Now consider the difference between how the Pharisees handled someone caught in sin to the way in which Paul exhorts believers in Galatians 6:1, “Brothers, if anyone is caught in any transgression, you who are spiritual should restore him in a spirit of gentleness. Keep watch on yourself, lest you too be tempted.” Do you notice the difference? Paul is saying, if we are spiritual by means of God’s grace and understand the mercy we found in the cross, love in gentleness is the right motive as we intervene, keeping watch on ourselves as well. Have you checked your motives before intervening? Do you recall the ways in which you have been caught in sin and experienced grace? If so, intervene gently.
Paul Tripp describes this call to gentle intervention this way, “Gentleness should be our natural response when we see a brother or sister ensnared in sin. We must recognize that except for God’s grace, we would be where they are. Thus we should respond to them with the same grace that we have received. God loved us when we were unlovely. He has forgiven us in the face of repeated sin. In fact, it is His love that draws us out of the darkness toward His marvelous light…In our communication with one another, as we all struggle with the reality of remaining sin, it is vital that we mirror the compelling love of Christ.”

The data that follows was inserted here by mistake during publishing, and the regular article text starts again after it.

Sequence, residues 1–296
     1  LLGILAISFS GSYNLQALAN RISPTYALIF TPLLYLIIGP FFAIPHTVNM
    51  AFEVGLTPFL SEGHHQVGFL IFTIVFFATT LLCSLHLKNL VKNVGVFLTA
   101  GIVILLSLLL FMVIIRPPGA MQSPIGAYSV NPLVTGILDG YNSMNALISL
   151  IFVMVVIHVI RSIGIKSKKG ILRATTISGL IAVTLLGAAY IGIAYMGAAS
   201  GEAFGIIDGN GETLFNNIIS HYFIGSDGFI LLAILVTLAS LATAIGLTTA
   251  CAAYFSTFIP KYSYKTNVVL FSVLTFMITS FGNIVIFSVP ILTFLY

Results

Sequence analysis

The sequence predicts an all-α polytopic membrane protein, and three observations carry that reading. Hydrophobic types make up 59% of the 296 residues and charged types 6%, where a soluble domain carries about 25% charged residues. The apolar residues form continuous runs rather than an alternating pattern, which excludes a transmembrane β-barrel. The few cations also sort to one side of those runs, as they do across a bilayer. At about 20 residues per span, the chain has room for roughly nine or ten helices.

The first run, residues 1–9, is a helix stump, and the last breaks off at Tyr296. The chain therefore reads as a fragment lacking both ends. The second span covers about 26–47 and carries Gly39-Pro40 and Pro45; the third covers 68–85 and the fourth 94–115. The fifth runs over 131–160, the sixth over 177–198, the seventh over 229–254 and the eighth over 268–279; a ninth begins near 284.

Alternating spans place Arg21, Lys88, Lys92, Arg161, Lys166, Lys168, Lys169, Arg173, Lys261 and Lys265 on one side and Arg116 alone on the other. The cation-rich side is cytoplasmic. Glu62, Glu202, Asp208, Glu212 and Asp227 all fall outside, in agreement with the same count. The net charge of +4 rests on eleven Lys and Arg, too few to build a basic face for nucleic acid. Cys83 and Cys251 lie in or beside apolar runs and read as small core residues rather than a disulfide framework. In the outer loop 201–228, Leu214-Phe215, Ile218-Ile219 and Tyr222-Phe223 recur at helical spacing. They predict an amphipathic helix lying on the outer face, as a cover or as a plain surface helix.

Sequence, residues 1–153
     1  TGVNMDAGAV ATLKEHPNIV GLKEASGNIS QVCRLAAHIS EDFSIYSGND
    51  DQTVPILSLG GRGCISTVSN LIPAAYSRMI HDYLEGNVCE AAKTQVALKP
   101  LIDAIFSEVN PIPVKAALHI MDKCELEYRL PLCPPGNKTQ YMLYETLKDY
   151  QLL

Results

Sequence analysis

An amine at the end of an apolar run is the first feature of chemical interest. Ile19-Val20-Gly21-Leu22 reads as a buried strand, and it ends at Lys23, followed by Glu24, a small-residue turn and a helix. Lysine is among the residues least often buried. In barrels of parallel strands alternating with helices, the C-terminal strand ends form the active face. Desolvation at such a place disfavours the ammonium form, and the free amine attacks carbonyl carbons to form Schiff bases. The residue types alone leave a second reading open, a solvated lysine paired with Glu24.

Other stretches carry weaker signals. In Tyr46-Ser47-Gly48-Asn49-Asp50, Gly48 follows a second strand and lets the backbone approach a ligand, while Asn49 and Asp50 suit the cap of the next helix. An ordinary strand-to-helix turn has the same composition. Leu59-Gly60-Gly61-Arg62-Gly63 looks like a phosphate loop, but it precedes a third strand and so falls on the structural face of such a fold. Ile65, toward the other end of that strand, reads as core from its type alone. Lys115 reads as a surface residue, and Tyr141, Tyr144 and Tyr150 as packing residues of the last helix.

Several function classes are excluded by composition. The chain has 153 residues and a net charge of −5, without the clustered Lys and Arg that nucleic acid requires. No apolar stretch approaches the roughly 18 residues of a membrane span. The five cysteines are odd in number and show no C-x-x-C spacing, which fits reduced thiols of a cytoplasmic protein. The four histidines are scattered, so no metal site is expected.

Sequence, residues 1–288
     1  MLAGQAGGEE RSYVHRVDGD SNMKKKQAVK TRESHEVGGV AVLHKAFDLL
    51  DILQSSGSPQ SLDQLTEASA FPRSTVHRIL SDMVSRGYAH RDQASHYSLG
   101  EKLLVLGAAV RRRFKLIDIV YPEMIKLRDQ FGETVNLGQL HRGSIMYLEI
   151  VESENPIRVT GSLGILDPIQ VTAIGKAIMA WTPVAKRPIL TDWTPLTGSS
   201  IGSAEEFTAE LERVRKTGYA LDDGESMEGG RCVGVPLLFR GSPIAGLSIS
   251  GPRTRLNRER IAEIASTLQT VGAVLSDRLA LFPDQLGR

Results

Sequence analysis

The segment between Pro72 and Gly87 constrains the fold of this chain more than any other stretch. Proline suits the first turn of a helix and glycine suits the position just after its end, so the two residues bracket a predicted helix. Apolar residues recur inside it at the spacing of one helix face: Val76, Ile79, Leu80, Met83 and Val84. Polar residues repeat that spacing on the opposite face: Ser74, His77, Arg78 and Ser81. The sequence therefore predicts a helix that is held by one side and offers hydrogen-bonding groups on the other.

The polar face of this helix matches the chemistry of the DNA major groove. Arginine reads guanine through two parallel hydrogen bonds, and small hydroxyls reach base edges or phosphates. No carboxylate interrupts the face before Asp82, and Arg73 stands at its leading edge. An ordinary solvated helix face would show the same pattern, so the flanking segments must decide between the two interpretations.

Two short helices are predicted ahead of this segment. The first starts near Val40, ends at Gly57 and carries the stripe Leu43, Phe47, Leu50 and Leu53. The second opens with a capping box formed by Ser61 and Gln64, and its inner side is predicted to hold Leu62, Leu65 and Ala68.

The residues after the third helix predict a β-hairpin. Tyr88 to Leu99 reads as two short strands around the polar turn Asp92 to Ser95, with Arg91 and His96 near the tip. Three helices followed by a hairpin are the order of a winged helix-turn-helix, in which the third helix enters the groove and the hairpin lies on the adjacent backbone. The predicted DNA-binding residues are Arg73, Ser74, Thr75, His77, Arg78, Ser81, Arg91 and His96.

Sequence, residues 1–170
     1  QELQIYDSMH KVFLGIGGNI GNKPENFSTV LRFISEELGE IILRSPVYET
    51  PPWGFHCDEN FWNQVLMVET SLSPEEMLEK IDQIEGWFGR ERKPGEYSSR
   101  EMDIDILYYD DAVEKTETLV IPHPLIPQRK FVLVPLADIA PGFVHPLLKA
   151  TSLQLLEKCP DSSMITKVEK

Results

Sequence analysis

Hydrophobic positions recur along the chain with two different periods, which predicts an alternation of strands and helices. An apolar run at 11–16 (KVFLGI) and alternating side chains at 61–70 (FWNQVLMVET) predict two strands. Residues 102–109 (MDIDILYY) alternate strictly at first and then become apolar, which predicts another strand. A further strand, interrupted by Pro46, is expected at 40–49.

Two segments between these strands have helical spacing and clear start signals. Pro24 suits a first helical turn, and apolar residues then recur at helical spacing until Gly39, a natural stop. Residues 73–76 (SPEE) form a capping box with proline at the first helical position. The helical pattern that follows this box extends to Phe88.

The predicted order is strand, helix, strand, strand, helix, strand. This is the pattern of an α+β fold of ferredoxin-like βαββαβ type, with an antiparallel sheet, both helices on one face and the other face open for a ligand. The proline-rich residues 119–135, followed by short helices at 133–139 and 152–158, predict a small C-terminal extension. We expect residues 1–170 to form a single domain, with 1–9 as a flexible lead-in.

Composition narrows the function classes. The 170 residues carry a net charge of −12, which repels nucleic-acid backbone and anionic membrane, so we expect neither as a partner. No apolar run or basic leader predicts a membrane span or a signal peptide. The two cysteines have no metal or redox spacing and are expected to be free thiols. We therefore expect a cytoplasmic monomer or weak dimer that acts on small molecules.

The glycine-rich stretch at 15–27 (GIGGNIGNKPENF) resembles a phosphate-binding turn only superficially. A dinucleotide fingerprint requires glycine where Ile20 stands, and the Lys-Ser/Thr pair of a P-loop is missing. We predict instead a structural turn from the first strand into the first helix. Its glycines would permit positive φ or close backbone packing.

As we move forward intervening with a spirit of gentleness, we also must consider the ugliness of the cross and tell that truth. Many times formal interventions attempt this by having family members write letters or share stories of how their loved one’s sin or addiction has affected them. Those letters are not very pretty. They are often messy, filled with pain and hurt. Why? Because sin is ugly and it hurts those that care about us. There is a saying in the recovery world describing addiction in this way, “Addiction is a special kind of hell; It takes the soul of the addict and breaks the hearts of everyone who loves them.” But the ugliest part of sin is not that it hurts others but that it is an offense to a holy God. And God’s Word is unapologetic regarding the seriousness of sin. God describes sin as evil (Genesis 6:5), lawlessness (1 John 3:4), rebellion (Ezekiel 20:8), and deserving of death (Romans 6:23). This is the deepest problem that must be addressed. All other attempts at dealing with sin will be surface level and as Christians, we must learn how to take interventions deeper. Only God can truly redeem sin, so tell the truth when you intervene in someone’s life and don’t minimize sin; expose it.